2nd tank 31.9 MPG, mostly highway. 13.2 gallon tank. Put in 11.9. Low fuel alert NOT on, last light square lit.
Good question. I've been running 91 octane since my first fill up and my average mpg has been 29 which is close to the rated combined mpg. The little 3cyl seems to like the 91 better, probably because it stays on the high octane map which will alllow more spark advance and timing which equals more power. From my experience with other small turbo engines especially the 2012 Cruze I had a few years back they really do benefit from higher octane. Do you need to run 91, absolutely not. The engine is certified to run on 87 and will run just fine plus you may not gain any mpg with 91 so it will cost more money at each fill up. I guess the answer is if you want a little more power and smoother running engine go with 91, but if you care more about saving money go with 87.Question about gas for this car: the manual says recommended minimum of 87 octane. I know it has a turbo in it and in my experience with turbos they usually require higher octane. So, is 87 sufficient like the manual says, or should I use mid-grade or higher?
Good question. I've been running 91 octane since my first fill up and my average mpg has been 29 which is close to the rated combined mpg. The little 3cyl seems to like the 91 better, probably because it stays on the high octane map which will alllow more spark advance and timing which equals more power. From my experience with other small turbo engines especially the 2012 Cruze I had a few years back they really do benefit from higher octane.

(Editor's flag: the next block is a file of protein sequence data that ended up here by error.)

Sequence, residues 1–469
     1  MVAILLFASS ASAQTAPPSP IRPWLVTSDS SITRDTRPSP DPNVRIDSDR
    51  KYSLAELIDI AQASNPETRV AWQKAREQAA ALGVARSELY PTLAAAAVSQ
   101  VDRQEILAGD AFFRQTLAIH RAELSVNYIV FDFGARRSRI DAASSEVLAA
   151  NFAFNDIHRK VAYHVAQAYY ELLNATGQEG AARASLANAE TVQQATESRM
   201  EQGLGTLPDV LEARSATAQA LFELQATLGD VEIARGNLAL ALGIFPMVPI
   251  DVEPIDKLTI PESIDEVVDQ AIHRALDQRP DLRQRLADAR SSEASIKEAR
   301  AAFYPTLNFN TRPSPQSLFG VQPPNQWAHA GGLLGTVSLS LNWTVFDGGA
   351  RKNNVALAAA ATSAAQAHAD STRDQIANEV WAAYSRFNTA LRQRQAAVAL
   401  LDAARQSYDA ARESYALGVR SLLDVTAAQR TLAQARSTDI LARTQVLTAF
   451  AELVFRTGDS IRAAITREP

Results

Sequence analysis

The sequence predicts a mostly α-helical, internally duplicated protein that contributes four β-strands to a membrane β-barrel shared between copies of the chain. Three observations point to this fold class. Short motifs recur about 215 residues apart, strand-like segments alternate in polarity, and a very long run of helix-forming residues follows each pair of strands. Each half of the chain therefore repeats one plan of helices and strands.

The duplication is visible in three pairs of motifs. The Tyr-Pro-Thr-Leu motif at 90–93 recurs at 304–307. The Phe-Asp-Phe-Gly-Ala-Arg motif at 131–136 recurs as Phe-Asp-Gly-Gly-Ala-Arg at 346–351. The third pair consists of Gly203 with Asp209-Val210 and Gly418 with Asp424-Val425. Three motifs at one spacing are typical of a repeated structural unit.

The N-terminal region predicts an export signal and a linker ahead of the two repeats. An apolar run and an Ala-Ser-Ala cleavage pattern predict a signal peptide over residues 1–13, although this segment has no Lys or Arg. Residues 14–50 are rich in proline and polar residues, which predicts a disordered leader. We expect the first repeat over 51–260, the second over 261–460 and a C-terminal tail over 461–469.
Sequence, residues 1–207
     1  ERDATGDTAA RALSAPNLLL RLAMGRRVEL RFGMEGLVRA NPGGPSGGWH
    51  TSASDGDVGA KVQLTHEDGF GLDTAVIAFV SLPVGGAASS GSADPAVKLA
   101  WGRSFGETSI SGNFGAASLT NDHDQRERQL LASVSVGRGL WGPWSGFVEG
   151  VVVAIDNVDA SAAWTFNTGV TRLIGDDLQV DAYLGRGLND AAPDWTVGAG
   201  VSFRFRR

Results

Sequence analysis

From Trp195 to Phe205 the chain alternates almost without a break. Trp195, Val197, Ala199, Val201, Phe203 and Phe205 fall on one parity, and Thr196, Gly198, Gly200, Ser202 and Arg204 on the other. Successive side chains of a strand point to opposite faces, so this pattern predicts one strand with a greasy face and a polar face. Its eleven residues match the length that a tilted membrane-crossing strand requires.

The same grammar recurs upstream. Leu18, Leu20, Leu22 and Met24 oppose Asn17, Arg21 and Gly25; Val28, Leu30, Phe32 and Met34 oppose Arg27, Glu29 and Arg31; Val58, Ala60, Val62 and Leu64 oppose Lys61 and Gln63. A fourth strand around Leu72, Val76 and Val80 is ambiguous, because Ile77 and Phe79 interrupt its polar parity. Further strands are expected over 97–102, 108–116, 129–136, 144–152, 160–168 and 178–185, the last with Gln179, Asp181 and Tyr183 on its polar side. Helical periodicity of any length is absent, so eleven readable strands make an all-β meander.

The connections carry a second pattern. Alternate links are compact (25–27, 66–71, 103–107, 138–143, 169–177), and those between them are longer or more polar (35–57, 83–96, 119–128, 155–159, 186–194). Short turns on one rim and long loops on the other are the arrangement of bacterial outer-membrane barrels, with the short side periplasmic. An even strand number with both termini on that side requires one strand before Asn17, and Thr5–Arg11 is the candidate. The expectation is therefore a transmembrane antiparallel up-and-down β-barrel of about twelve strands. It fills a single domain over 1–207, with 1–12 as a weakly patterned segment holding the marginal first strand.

I've personally recorded a slight increase (2mpg) in gas mileage with 91 vs 87 octane and I've noticed the engine responds better to 91 vs 87. The idle is smoother and there is more power available in the entire rpm range due to the PCM using full timing/spark advance. The gas mileage increase is easy to calculate if you use the same gas pump and save your receipts and do the math. The gas mileage calculated by the vehicle isn't exact and can be off by 5% or more. The increase in hp/tq is not as easy to verify since you would need a dyno and run the vehicle with 2 different octanes to see the difference. Not every vehicle responds the same way to higher octane. Some can actually get lower gas mileage and no increase in hp/tq. In general engines with 10.0:1 or higher can typically benefit from higher octane. Small turbo engines tend to run much hotter than non turbo engines. The 1.2T and 1.3T engines in the Trailblazer are 10.0:1 CR. Using 91 octane keeps the engine on the high end of the timing/fuel maps which gives the maximum available hp/tq. The reason why modern engines can run 87 even in high CR engines is due to VVT, SIDI etc. My 2018 ZR2 has a 3.6L with 11.5:1 CR and also runs better with 91. With all that said these little turbo engines will run just fine on 87 since that's how GM tuned and certified them to run, but that doesn't mean there's no gain with higher octane.Hi Steve, I'm interested to better understand what metrics of engine performance improved with higher octane and how they were measured. I've heard people say everything from better mileage, better horse power &/or torque, better (less) wear & tear, etc. but rarely have I seen anything that demonstrates these claims. In your case, is this something that you've measured quantitatively?